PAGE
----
[TDB] Patches for file and memory usage growth issues

simo idra at samba.org
Mon Apr 11 07:21:33 MDT 2011

On Mon, 2011-04-11 at 14:46 +0200, Stefan (metze) Metzmacher wrote:
> Hi Simo,
> >>  > The first one should be uncontroversial, the original intent makes sense
> >>  > in a tdb database when you use small records, but when a rare huge
> >>  > record is saved in, growing the db by 100 times its size really is
> >>  > overkill. I also reduced the minimum overhead from 25% to 10% as with
> >>  > large TDBs (in the order of 500MB/1GB, growing by 25% is quite a lot).
> >>
> >> The change from 25% to 10% will have the bigger impact of the two
> >> changes I think. The 25% number was always fairly arbitrary, but
> >> changing to 10% means 2.5 times as many tdb_expand calls while a
> >> database grows. Have you measured any impact of this in initially
> >> creating a large database?
> > 
> > The only impact I measured was the size, and it was a quite impressive
> > gain. But I haven't tested if it made a difference in speed.
> maybe we can use something like this:
> uint64_t calc_new_size(uint64_t old_size, uint64_t add_size)
> {
> 	uint64_t needed_size = old_size + add_size;
> 	uint64_t new_size1, new_size2, new_size;
> #define MEGA_BYTE (1024 * 1024)
> 	/* expand by 100MB */
> 	max_size1 = needed_size + (100 * MEGA_BYTE)
> 	/* expand by 25% */
> 	max_size2 = needed_size * 125 / 100;
> 	/* use the minimum */
> 	max_size = MIN(max_size1, max_size2);
> 	/* align to 1MB */
> 	max_size = (max_size + (MEGA_BYTE -1)) / MEGA_BYTE;
> 	return max_size;
> }

You always need to make sure max_size is never smaller than the record
size you need. that's why I always have size*2 as the very minimum.

> >> I think the real problem is the inefficient index format in ldb.
> > 
> > Oh, that's totally a huge issue, but I am trying to work on 2 fronts
> > here. I need something to cut down on memory usage quickly, in order to
> > solve problems for current users, w/o making incompatible changes. Then
> > I need to account for efficiency. Of course if both can be achieved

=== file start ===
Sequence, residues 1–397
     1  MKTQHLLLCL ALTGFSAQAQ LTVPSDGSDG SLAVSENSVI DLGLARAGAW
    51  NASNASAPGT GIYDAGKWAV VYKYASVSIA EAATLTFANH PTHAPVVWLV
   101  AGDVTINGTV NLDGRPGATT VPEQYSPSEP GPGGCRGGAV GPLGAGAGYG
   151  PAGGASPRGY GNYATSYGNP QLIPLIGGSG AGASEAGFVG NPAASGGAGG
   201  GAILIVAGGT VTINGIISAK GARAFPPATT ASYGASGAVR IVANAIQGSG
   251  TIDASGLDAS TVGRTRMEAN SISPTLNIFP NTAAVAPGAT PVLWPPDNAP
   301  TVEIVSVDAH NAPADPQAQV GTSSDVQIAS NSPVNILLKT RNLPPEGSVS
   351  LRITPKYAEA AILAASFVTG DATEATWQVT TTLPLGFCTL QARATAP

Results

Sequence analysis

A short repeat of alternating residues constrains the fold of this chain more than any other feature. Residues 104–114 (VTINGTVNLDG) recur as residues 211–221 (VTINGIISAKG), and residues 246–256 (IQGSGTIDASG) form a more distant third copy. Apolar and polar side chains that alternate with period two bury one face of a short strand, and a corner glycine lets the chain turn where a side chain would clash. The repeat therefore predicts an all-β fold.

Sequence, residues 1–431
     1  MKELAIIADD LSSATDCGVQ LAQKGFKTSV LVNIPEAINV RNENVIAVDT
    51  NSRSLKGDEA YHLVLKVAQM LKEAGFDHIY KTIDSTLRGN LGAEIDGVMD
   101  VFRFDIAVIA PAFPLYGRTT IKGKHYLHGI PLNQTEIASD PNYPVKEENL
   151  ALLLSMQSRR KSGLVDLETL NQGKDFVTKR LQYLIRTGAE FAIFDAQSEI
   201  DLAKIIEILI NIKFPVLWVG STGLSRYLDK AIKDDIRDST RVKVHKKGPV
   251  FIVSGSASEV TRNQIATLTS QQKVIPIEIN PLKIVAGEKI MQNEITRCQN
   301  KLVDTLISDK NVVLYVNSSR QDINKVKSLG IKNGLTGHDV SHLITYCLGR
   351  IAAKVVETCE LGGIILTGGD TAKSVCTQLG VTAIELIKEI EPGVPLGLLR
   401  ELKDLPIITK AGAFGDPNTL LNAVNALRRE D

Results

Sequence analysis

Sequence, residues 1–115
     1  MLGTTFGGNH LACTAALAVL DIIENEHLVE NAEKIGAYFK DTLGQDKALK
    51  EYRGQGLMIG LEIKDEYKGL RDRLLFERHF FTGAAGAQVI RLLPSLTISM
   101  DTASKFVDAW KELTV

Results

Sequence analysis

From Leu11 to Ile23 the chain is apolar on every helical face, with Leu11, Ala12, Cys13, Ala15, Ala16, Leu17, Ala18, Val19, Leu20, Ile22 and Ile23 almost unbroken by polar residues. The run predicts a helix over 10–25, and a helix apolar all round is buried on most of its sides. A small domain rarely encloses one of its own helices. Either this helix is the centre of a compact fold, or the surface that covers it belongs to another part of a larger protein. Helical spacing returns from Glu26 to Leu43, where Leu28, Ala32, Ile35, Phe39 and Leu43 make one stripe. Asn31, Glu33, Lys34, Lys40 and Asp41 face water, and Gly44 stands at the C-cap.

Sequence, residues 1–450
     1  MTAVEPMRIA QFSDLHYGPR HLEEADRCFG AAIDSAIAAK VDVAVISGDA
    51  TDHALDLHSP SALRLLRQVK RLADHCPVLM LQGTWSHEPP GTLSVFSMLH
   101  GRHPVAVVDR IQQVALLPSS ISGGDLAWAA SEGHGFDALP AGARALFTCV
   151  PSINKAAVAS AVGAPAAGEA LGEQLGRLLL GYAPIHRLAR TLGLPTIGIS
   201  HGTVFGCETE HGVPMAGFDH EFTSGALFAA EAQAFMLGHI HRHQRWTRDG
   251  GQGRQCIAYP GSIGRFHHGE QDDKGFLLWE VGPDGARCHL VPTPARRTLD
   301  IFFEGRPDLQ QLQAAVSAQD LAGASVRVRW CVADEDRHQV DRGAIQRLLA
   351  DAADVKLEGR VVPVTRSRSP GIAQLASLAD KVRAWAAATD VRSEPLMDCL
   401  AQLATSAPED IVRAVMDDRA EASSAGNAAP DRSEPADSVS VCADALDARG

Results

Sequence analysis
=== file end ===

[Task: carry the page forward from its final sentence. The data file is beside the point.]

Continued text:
> > quickly that's even better.
> > 
> >> We really need to fix that. The compression will makes the file smaller,
> >> but much slower. Then we'll need a compression cache to make it fast
> >> again, and we'll quickly end up with something that is very hard to
> >> maintain. 
> > 
> > A cache would mean keeping huge records in memory, which would cause
> > memory to grow again too much I think, unless we use some LRU and keep
> > the cache size tightly controlled, but that would indeed be expensive.
> > 
> > One thing I would do is to save a key/dn pair with key not bigger than a
> > long integer, and then use this integer in indexes instead of the full
> > DNs. Whether we can make this transparent and efficient I don't know
> > yet, but it would certainly reduce the size of large indexes by more
> > than an order of magnitude.
> Tridge and I discussed something like that the AD plugfest last year.
> If I remember correctly we discussed using the objectGUID as primary fixed
> size key.
> And a maybe even better solution using uint64_t values which can be used
> as direct offset into the tdb mmap area.

ObjectGUID is still much larger than we really need I think.
All we need is really just a sequential number (64 bit is going to be
bigger than we really need, but looks like a good compromise) that keys
a record that holds the DN.
This means each member of an index will waste exactly 8 bytes. Instead
of the much bigger current average (which depends on the basedn size but
is usually above 30 bytes).
Direct offsets in the tdb mmap area are not a good idea though, it would
tie data contents to records layout making it very difficult to repack
or backup tdbs without knowing how to manipulate the data inside the DB
and causing a lot or relocations each time you try to do that.

Although, if we made sure that we always reuse these numbers so that we
tightly pack the table we could easily have a list of references in
memory as a simple indirection table so we can skip the hash search for
running databases. Not sure we really need an optimization like that,
hash lookups tend to be fast enough, but perhaps a 75k members index
(meaning 75k+1 hash lookups) may actually make it worth.


Simo Sorce
Samba Team GPL Compliance Officer <simo at samba.org>
Principal Software Engineer at Red Hat, Inc. <simo at redhat.com>

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